First-order Inclusion Probability
Get First-order Inclusion Probability essential facts below. View Videos or join the First-order Inclusion Probability discussion. Add First-order Inclusion Probability to your PopFlock.com topic list for future reference or share this resource on social media.
First-order Inclusion Probability

In statistics, in the theory relating to sampling from finite populations, the sampling probability (also known as inclusion probability) of an element or member of the population, is its probability of becoming part of the sample during the drawing of a single sample.[1] For example, in simple random sampling the probability of a particular unit ${\displaystyle i}$ to be selected into the sample is

${\displaystyle p_{i}={\frac {\binom {N-1}{n-1}}{\binom {N}{n}}}={\frac {n}{N}}}$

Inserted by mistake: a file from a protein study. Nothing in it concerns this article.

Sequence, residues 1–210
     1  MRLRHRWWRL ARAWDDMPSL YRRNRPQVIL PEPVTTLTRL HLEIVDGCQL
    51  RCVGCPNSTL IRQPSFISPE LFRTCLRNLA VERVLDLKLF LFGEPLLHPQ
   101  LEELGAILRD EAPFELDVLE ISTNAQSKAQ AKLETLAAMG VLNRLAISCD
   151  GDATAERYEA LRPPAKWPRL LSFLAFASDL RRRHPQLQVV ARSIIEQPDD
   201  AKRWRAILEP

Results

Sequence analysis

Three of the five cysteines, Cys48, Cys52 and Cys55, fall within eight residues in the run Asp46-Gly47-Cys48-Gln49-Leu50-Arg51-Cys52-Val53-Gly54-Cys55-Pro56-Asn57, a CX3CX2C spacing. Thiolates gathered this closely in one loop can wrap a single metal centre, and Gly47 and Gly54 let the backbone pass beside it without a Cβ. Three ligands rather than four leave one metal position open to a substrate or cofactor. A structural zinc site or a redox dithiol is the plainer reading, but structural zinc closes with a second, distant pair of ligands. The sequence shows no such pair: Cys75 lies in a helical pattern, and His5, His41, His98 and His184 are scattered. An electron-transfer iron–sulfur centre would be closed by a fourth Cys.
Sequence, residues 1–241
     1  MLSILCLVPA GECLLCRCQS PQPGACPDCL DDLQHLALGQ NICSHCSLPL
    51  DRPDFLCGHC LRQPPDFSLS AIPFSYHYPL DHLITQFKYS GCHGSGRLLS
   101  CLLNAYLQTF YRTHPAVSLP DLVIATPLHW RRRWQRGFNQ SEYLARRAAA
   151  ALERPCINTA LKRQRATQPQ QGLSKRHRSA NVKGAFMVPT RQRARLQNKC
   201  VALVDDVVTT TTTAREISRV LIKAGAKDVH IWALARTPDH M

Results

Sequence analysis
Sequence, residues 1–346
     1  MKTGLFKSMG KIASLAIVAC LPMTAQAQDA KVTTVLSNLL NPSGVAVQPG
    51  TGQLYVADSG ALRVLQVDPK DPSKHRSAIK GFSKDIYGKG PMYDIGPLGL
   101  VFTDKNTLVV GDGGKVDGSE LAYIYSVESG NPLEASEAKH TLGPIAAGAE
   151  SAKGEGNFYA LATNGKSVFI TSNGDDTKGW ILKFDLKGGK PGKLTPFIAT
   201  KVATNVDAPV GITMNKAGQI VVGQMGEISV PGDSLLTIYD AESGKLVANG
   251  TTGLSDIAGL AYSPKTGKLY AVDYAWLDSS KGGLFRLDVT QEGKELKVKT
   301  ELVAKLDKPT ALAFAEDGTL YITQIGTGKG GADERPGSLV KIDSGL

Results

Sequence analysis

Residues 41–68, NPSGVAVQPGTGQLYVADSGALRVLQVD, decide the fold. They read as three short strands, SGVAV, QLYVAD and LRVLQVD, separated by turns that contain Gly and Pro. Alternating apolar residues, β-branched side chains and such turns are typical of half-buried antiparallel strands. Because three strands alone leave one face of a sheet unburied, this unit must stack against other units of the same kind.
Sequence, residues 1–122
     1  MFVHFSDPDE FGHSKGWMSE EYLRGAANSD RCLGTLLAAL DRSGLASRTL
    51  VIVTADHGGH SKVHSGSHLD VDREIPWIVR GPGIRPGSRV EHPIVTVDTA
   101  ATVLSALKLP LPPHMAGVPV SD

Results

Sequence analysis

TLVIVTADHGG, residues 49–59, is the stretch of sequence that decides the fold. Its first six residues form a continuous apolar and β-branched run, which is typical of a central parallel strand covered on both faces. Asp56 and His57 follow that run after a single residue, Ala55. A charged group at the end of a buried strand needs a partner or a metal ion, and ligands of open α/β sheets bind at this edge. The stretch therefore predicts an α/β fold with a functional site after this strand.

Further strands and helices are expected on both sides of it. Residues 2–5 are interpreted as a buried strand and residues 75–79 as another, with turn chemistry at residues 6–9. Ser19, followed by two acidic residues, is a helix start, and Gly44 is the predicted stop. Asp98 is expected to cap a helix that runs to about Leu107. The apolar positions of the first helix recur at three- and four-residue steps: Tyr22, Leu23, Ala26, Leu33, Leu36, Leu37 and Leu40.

where ${\displaystyle n}$ is the sample size and ${\displaystyle N}$ is the population size.[2]

Each element of the population may have a different probability of being included in the sample. The inclusion probability is also termed the "first-order inclusion probability" to distinguish it from the "second-order inclusion probability", i.e. the probability of including a pair of elements.

Generally, the first-order inclusion probability of the ith element of the population is denoted by the symbol ?i and the second-order inclusion probability that a pair consisting of the ith and jth element of the population that is sampled is included in a sample during the drawing of a single sample is denoted by ?ij.[3]

## References

1. ^ Dodge, Y. (2003). The Oxford Dictionary of Statistical Terms. OUP. ISBN 0-19-850994-4.
2. ^ Baddeley, Adrian; Vedel Jensen, Eva B. (2004). Stereology for Statisticians. p. 334.
3. ^ Sarndal; Swenson; Wretman (1992). Model Assisted Survey Sampling. Springer-Verlag. ISBN 0-387-40620-4.

This article uses material from the Wikipedia page available here. It is released under the Creative Commons Attribution-Share-Alike License 3.0.